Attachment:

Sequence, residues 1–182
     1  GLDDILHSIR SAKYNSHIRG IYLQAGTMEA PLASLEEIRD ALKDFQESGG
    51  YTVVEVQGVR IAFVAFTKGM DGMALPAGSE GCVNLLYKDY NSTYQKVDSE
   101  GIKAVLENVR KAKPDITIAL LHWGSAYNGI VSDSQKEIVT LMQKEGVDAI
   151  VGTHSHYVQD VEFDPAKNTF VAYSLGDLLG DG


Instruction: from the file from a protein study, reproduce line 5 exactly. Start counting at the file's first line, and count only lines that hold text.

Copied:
   151  VGTHSHYVQD VEFDPAKNTF VAYSLGDLLG DG